More and more tour companies are offering itineraries that cater to small groups, but ever since it launched in the early 1990s, tour operator Travel Indochina, which specializes in tours to the vast continent of Asia, has known that keeping it small is a formula that works.
“Our groups have an average of 12 travelers and a maximum of 16 on any journey,” says Mark Yacker, North America director for Travel Indochina. “This small group size allows for more flexibility and intimacy than larger groups.”
In fact, about 60 percent of travelers choose the company’s Small Group Tours, and regardless of the group size, 90 percent of Travel Indochina’s tours will run, no matter the number of persons booked. Most departures only require a minimum of two to four travelers to operate, and approximately 30 percent return to Travel Indochina within two years to do another Asia-bound trip.
Travel Indochina first started offering travel journeys to destinations like Vietnam, Cambodia and Laos in the early 1990s. Today, the company has matured with more than 70 itineraries in 11 different countries within the continent.
Yacker says there are a few traits that set Travel Indochina apart from other tour operators: They are true Asia specialists operating in the region for almost 20 years; they boast a team of professional Western tour leaders and local guides; and they specialize in genuinely small-group size itineraries.
He goes on to explain that the tour operator’s main clientele are in their 40s, 50s and 60s, well traveled and looking for a quality itinerary, comfortable accommodations and an experience that depicts Asia’s diverse culture. They are also interested, he says, in meeting new people and savoring the local cuisine.
“We see a good mix of couples and solo travelers looking to share their experience,” he adds, “and our range of Family Journeys offers parents and grandparents the opportunity to open their family’s eyes to this fascinating part of the world.”
Travel Indochina leads groups (as well as individual, tailor-made tours and theme-based excursions) to places like Burma (Myanmar), Sri Lanka, Bhutan, India, Japan, Cambodia and Mongolia.
“Early on, we recognized that touring, regardless of the group size, is not right for everyone, so Travel Indochina’s product team got to work compiling an extensive collection of three-, four-, and five-star accommodations, which can be packaged with privately guided excursions that are handpicked by the traveler,” says Yacker.
Its 9- and 13-day Burma journeys, Burma Revealed, for example, sell out at least six months in advance. On this itinerary, your clients will get to explore the country like a local as they take a horse-cart ride in Pagan, go on a train ride to Shwe Nyaung, do some light trekking to the Pa-O villages in the hills beyond Inle Lake, or if they prefer they can swim, cycle, visit an orphanage or even a local vineyard.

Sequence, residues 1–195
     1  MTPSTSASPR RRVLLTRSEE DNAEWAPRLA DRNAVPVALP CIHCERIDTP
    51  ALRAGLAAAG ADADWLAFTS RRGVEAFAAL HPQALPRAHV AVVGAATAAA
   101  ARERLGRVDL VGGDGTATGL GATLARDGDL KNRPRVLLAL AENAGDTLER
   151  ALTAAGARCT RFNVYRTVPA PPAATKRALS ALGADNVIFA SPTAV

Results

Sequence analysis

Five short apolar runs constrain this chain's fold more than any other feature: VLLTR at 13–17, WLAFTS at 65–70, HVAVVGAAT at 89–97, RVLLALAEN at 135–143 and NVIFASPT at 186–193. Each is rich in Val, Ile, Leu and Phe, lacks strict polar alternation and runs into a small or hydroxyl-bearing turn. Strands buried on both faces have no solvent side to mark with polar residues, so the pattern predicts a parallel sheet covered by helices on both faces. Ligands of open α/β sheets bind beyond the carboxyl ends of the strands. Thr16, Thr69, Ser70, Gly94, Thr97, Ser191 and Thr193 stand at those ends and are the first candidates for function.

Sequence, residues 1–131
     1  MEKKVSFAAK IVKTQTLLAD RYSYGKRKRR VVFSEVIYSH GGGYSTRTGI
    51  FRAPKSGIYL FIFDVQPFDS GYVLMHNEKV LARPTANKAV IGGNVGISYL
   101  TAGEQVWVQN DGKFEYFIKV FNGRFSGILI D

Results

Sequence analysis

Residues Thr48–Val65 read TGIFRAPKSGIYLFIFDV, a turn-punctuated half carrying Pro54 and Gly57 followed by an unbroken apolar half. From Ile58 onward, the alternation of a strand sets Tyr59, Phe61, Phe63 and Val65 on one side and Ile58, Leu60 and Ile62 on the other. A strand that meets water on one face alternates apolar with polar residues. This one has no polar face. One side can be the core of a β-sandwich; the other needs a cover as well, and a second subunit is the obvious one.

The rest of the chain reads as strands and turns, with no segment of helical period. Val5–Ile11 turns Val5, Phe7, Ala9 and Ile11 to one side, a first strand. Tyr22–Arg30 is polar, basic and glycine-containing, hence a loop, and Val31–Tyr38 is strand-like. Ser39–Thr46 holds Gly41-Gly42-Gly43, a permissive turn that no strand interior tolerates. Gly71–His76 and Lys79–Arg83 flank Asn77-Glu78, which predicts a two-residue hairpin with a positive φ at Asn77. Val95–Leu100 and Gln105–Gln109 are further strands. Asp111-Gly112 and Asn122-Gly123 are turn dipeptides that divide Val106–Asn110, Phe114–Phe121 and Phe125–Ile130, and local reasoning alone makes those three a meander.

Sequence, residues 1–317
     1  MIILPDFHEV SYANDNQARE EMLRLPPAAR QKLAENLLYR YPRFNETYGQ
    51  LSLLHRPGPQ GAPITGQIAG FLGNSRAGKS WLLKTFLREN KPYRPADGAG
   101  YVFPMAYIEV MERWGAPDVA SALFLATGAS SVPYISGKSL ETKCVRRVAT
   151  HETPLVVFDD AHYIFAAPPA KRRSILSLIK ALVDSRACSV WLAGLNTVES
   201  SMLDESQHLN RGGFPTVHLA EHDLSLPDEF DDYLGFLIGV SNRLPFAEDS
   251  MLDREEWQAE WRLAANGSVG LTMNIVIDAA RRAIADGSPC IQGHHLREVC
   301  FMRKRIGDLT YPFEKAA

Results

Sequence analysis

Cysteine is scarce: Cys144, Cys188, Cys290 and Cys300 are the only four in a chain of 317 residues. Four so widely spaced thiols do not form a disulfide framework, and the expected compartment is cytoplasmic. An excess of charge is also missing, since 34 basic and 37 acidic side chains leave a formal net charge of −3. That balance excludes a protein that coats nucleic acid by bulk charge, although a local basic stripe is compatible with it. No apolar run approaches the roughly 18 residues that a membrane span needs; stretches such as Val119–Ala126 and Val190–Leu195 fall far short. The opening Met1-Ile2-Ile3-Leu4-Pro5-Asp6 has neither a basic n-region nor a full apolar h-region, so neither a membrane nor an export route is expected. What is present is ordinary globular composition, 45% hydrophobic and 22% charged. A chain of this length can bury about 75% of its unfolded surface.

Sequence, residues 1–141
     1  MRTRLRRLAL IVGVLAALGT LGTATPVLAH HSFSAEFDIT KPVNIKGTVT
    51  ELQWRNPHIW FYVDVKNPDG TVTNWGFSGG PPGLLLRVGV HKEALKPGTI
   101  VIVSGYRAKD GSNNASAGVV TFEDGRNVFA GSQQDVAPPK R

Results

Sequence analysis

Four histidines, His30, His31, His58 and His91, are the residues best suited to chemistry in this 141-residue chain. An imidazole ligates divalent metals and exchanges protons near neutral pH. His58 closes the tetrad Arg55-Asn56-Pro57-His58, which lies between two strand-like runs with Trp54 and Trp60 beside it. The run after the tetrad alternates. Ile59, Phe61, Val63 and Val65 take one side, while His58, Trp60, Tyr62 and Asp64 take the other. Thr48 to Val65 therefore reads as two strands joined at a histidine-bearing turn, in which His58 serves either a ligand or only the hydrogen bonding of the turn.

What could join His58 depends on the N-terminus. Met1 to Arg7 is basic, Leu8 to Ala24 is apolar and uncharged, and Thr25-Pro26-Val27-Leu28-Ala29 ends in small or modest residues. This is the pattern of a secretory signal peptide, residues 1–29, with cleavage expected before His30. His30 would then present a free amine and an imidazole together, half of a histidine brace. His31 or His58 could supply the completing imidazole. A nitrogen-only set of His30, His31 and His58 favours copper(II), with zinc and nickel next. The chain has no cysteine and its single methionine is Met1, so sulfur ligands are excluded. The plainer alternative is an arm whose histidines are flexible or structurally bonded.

Other itineraries that are popular include China, India and Thailand with itineraries such as the 15-day China Panorama tour and the 14-day Highlights of Rajasthan tour in India.
“Although we have many itineraries that explore a single country, our North American clients tend to want to visit multiple countries on their Asian journey,” Yacker says. “Since opening our U.S. office in 2011, our 15-day Vietnam & Temples of Angkor and the 19-day Indochina Explorer have been the most popular. These itineraries really connect people with the major destinations in Cambodia, Vietnam and Laos.”
While trekking through Asia, the group is never far from a Travel Indochina office. The tour operator has six operations offices and numerous partner offices across Asia. Yacker says the satellite offices are essential to the tour operator’s success in crafting unique itineraries, pinpointing exclusive activities, and delivering on-the-ground service.
Travel Indochina practices a thorough responsible travel policy, which includes poignant initiatives such as working with, and contributing to, many Asian organizations. The tour operator also created a Tread Lightly booklet to help travelers be attentive of the impact travel can have on local cultures and the environment.
“One example is the school program we set up to give students the opportunity to train to become travel guides,” says Yacker. “Another is our partnership with an organization called Streets International, which provides a training program to help young Vietnamese in Hoi An to become chefs, bartenders and wait-staff.”
The Street’s International Cafe is on every itinerary that includes Hoi An. The group splits into smaller groups of three or four and a student takes the travelers out of town to a local market where Westerners are few and far between.
“The students take the clients through the market educating them on some of the produce and local delicacies,” says Yacker. “Then they return to the cafe where the group enjoys a drink on the terrace and samples some of the food just discovered in the market.”
Sounds like the type of itinerary a small group can appreciate.
Travel Indochina: (800) 342-1957; travelindochina.com